Louis Gaston HEBERT
- Born: 1575, House Mortier, d'Or, Rue St Honore, Paris, France
- Marriage (1): Marie ROULETTE on 13 Jun 1602 in paris, France
- Marriage (2): Marie ROLLET
- Died: 22 Jan 1626, Quebec, Quebec at age 51
I have entered what is at Rootsweb Worldconnect on this family, but am suspicious. Varying opinion on whether Joseph Guillaume had one wife or two and no documentatoin of either notion. Father Nicolas Jr and his father are both variously credited with being among first white men in the new world; children credited to them were born all over France though no reason given for thinking they did that kind of jumping around; some of whom went to Acadia, making one man the ancestor of all Hebert's in Canada. Hebert is a common last name; comes from the medieval first name Hebert or Herbert.
Consensus of expert opinion is that the two who went to Acadia were brothers but not of this family.
IMMIGRATION: 1617; had earlier been member of expedition to Acadia from 1606 to 1607
The first settler to build his own independent house at Québec was Louis Hébert, pharmacist, who, in 1617, built a house on the cliffs overlooking the original settlement and began cultivation of the land. Hébert is credited with being the first European to establish a farm in Canada.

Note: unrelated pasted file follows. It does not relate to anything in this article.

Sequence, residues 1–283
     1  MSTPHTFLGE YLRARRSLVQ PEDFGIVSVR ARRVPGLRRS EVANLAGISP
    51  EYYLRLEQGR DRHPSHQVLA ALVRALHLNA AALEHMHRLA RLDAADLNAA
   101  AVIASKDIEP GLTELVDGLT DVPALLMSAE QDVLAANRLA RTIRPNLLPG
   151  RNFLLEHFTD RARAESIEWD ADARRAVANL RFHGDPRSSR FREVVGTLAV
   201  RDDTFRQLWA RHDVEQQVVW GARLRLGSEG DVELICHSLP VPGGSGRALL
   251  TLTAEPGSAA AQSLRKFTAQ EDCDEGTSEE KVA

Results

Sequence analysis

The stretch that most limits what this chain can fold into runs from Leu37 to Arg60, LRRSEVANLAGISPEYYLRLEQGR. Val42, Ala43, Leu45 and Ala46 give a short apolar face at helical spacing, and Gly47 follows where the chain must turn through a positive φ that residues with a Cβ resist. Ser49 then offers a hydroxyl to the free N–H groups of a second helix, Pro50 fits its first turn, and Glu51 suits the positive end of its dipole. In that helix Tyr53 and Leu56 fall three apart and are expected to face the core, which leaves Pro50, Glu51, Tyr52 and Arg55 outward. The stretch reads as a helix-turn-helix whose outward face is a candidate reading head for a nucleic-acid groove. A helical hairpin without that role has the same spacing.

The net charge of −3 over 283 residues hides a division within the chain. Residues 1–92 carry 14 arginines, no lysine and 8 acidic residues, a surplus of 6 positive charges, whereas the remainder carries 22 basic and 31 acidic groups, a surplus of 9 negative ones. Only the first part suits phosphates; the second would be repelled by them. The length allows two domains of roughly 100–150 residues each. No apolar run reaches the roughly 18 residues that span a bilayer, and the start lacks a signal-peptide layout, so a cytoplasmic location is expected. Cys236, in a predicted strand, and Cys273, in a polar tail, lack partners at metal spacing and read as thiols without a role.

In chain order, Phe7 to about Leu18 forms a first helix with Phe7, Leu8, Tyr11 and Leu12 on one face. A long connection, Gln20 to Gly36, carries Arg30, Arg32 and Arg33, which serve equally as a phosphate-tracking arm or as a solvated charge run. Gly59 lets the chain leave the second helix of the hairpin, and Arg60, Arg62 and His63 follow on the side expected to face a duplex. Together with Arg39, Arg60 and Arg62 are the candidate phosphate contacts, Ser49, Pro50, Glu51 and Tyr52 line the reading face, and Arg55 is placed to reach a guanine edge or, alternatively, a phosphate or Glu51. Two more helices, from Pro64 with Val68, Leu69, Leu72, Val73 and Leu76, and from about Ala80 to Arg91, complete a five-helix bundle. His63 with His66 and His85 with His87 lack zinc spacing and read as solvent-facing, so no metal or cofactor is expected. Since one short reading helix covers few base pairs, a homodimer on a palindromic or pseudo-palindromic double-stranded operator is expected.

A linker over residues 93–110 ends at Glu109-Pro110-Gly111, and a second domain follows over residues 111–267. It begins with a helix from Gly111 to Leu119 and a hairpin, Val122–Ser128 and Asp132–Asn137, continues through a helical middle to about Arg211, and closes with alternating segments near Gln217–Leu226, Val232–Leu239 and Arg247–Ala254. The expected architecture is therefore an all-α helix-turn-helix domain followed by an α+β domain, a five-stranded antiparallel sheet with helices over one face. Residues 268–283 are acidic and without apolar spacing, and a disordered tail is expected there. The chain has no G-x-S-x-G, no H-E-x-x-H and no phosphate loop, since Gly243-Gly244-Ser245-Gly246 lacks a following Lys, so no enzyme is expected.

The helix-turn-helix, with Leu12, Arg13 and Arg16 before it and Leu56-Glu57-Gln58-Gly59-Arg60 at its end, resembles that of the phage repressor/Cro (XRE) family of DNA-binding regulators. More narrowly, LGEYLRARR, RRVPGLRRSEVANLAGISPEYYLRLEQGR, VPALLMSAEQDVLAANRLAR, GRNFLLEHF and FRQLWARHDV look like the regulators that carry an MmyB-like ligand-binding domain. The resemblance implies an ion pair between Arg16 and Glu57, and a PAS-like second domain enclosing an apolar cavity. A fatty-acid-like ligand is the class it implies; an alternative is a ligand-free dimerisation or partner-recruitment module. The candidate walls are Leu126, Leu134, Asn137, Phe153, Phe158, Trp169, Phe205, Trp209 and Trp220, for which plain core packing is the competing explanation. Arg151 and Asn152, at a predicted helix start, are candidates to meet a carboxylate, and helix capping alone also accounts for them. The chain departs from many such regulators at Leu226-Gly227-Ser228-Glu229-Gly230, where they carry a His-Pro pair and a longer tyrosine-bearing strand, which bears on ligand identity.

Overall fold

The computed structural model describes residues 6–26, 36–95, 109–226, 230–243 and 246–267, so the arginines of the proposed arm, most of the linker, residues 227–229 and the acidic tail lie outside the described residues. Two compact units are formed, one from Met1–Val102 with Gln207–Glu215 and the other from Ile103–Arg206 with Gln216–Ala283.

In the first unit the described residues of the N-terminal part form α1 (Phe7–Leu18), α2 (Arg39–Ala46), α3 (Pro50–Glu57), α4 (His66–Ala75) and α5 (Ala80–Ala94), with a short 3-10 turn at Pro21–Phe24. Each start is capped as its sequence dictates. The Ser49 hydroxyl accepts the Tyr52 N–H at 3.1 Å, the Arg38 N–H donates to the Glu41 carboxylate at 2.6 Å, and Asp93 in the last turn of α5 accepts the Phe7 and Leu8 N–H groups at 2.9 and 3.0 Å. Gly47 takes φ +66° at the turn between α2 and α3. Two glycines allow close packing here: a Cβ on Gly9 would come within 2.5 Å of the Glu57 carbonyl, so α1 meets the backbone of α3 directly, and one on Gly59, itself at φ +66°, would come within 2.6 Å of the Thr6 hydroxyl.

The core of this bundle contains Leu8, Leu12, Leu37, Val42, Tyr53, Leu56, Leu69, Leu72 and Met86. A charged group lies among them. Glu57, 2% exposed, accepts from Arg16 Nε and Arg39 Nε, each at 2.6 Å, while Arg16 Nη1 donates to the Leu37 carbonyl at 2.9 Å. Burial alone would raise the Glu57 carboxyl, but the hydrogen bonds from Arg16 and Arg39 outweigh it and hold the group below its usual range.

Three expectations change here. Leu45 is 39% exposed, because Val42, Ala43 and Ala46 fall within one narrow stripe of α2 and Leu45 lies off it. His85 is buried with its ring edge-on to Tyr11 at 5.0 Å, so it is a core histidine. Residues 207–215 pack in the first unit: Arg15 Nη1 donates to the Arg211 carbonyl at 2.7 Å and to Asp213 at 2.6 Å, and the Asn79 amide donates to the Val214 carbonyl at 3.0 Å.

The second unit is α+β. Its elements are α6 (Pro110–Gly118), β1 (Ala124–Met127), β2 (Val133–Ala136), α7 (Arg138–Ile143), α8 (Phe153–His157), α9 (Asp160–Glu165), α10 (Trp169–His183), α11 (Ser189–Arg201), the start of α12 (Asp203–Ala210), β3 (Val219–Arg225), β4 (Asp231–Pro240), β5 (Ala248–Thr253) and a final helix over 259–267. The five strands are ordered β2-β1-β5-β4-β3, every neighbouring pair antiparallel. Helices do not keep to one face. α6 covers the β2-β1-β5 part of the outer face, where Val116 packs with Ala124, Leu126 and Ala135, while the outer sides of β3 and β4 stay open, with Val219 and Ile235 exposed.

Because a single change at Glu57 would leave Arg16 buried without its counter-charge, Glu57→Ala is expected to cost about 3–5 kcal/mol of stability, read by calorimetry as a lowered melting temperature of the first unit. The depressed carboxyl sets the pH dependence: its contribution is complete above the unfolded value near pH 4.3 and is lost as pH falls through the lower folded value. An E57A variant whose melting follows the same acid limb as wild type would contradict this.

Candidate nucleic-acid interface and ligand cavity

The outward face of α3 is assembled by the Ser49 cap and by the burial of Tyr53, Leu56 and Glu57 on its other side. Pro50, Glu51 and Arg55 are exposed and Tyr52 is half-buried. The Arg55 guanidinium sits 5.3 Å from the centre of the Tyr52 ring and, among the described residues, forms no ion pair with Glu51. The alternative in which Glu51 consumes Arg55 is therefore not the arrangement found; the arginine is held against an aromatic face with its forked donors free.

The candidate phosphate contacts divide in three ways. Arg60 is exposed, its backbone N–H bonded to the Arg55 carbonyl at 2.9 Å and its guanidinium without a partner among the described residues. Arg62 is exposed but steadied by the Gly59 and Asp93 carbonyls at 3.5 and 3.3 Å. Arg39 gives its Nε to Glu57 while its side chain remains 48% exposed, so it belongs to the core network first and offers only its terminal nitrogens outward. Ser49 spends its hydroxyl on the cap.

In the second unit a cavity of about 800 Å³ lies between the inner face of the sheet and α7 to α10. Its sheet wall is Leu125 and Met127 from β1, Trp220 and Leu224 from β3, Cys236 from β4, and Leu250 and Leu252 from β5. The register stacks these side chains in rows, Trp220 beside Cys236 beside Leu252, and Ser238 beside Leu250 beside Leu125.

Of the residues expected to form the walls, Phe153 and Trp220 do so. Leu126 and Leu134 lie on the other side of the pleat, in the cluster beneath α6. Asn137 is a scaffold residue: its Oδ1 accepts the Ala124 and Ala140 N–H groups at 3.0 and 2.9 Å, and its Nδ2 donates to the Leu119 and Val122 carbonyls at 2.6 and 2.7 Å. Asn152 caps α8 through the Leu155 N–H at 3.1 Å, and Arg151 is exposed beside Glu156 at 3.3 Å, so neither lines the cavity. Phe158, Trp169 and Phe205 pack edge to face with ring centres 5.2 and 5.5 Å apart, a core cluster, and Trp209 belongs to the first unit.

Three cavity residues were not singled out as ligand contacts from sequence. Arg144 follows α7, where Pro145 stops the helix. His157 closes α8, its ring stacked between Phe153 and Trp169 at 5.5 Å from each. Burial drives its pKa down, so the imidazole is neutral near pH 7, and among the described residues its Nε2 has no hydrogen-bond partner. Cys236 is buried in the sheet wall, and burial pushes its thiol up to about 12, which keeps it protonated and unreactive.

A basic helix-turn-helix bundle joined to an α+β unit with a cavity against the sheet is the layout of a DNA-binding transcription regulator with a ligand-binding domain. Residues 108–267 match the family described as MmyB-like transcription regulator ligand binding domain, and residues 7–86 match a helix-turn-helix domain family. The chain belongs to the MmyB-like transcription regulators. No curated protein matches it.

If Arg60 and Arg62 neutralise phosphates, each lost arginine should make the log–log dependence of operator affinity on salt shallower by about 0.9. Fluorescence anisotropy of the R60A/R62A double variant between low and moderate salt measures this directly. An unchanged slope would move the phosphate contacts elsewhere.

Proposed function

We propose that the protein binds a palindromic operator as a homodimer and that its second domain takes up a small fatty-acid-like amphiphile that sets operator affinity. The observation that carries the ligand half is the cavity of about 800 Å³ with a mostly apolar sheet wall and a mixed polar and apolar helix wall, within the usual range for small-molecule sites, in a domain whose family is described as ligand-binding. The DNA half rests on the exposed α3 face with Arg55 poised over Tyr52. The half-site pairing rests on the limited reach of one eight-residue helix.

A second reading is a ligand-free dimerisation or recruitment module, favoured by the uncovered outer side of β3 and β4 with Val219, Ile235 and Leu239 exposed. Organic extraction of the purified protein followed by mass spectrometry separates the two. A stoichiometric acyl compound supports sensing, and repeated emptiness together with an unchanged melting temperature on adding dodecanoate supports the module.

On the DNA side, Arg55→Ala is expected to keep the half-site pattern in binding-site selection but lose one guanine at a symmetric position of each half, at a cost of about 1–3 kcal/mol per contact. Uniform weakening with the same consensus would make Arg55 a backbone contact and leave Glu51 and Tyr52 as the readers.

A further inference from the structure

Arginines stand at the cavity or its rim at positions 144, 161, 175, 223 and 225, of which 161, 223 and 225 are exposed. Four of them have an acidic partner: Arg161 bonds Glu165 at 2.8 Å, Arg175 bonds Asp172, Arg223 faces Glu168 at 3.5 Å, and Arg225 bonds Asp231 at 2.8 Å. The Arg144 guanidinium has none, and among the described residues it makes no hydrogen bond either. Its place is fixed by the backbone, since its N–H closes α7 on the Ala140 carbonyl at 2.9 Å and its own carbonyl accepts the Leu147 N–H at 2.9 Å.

First family established in Québec, in 1617. (Tanguay, v.1, p.301)
LOUIS HEBERT from "Our French-Canadian Ancestors" by Thomas J. Laforest
Let's speak of the man, who is rightfully called the first Canadian settler, Louis Hebert. Born in 1575, in Paris, he was the son of Nicolas and Jacqueline Pajot. Nicolas and Jacqueline were married in Paris in 1564. Jacqueline was the daughter of Simon and Jeanne Guerineau. Simon Pajot was a bourgeois in Paris and Nicolas Hebert was an apothecaire, thus attesting to the comfortable background of Our Ancestor Hebert.
Nicolas Hebert was a physician to Catherine de Medici, Queen Mother of France. It is likely that as a boy Louis had opportunities to see court life with his own eyes. It was not an edifying spectacle, at this point, in French history but, it had one advantage: the royal chambers buzzed continuously with talk of the great country across the Atlantic.